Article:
We cannot fall for the temptation to think that we can do everything ourselves. We have to trust in God. We have to have faith. Yes, we must do our best to provide for our future that of our loved ones, but, ultimately, we rely on the Lord to take care of us. We can resist the temptation to push God out of our lives. This call to faith is not always that easy. In fact, it is usually quite difficult. It is quite difficult to spend so much time and energy on a person, for example a child, or on a situation, for example a career, and then trust the future to God rather than to ourselves. It is tempting to think that we do not need God. In fact, that is the temptation of the atheistic elements of the world. The so-called intellectual elite often mock people of faith, belittling us for believing in God and asserting that they have wonderful lives without God. And then they write books about the quiet desperation of every day man. We cannot allow these fools to sway us. We know that we need God. We cannot survive without God. We cannot be happy without Him. And we cannot live forever without Him. “I am a self-made man,” the old gent boasted. “Really,” the priest responded, “It took God a day to create Adam, how many days did it take you to create yourself?”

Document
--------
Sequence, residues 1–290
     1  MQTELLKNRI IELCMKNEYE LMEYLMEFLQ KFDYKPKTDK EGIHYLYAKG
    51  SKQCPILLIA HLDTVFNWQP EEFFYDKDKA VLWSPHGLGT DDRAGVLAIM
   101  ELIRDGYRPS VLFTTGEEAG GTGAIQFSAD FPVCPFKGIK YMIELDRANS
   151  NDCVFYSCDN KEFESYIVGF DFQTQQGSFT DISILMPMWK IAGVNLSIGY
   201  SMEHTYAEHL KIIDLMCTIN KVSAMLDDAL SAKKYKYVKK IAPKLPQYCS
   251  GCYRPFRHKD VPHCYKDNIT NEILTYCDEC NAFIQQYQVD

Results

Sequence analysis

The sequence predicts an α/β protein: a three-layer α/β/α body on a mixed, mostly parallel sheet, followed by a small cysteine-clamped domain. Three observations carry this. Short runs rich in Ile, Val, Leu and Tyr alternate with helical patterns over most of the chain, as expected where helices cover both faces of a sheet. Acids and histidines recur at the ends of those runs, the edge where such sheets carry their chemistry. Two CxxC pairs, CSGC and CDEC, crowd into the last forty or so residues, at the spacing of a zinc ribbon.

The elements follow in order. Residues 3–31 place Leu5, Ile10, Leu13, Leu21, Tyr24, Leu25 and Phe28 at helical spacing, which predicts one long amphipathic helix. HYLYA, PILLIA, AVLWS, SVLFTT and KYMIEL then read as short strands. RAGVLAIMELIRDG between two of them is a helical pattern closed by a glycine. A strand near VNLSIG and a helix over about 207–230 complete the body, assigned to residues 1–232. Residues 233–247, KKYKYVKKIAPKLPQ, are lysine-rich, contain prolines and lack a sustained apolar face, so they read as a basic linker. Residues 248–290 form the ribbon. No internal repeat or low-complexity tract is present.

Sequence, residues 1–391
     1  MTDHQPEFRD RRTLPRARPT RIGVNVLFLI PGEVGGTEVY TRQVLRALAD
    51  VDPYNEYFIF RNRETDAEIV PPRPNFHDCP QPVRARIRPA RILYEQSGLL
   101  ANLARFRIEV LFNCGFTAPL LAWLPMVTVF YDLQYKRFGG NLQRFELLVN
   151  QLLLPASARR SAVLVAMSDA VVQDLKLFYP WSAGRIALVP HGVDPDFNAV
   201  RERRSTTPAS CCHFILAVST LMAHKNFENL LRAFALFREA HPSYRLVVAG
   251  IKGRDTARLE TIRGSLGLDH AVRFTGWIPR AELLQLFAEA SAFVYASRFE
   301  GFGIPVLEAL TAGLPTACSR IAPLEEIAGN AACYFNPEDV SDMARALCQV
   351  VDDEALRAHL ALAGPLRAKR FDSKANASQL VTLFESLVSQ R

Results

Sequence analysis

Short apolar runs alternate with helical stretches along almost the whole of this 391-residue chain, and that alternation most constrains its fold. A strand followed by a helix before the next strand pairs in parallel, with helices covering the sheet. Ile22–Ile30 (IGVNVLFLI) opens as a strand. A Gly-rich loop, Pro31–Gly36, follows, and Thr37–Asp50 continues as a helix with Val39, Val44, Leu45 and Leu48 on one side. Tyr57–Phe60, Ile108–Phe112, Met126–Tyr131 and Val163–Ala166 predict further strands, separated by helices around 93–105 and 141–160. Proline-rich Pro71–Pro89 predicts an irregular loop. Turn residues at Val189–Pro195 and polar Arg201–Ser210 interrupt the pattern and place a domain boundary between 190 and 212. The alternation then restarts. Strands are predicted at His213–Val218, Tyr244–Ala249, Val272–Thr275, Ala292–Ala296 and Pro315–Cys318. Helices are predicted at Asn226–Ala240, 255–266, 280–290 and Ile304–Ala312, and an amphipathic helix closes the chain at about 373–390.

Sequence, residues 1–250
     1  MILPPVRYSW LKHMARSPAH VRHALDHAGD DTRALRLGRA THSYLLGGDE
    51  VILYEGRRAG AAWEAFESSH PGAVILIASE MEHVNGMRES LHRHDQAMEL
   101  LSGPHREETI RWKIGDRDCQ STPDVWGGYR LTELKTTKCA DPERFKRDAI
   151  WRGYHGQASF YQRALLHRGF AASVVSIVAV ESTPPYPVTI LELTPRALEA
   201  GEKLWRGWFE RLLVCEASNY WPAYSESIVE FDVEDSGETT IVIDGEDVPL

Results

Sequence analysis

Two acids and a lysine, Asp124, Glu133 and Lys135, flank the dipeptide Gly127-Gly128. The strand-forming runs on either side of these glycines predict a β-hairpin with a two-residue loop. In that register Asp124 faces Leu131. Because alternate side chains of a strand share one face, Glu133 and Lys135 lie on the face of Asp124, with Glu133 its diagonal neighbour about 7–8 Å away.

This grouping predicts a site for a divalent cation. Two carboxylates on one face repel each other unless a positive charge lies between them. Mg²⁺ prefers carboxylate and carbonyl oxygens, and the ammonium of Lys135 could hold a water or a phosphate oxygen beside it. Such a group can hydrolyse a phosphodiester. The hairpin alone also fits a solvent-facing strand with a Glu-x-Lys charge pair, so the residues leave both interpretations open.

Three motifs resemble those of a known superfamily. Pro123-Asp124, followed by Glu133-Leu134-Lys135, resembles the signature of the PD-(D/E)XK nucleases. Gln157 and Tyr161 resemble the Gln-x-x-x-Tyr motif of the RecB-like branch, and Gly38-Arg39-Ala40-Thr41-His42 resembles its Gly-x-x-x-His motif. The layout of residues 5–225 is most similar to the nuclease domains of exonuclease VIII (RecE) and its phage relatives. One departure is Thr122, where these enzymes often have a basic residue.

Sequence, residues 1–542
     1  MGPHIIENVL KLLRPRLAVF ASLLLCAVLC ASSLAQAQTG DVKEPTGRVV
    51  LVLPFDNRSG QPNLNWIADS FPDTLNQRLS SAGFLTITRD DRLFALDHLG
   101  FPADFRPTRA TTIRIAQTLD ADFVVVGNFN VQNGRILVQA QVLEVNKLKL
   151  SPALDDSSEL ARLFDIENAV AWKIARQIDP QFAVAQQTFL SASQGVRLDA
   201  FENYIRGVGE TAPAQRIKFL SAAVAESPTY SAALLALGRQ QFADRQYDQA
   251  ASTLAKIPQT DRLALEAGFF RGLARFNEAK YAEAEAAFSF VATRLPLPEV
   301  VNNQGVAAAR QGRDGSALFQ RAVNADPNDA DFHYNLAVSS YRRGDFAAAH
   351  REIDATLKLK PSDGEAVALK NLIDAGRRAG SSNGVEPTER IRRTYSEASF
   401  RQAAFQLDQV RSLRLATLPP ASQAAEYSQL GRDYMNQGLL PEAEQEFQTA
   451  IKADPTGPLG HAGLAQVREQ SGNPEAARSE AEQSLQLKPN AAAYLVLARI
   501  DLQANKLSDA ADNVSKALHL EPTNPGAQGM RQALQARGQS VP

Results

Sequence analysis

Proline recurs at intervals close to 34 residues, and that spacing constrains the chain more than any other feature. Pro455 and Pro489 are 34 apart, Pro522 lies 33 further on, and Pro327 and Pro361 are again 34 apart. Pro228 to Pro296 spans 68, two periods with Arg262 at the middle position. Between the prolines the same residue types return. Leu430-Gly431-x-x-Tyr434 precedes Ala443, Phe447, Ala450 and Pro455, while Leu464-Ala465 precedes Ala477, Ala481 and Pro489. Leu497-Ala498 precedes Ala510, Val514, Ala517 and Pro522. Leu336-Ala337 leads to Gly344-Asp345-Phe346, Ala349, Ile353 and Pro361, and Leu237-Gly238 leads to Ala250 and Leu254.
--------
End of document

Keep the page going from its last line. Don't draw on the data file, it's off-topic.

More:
Like Jesus’s second temptation, we are tempted to force God into action instead of simply trusting in Him to care for us. We may not be standing on the edge of a building deciding that God must save us if we jump, but we may be toying with that which can destroy us, alcohol, sex, drugs, etc, and think, erroneously, that if we fall God will catch us. It is presumption  to think that God will take care of us if we live on the edge. God is All-Merciful, but He is also All Just.  We trust in God, but, as Jesus told the devil, we don’t put God to a test. We have to resist the temptation to live life on the edge of eternal death.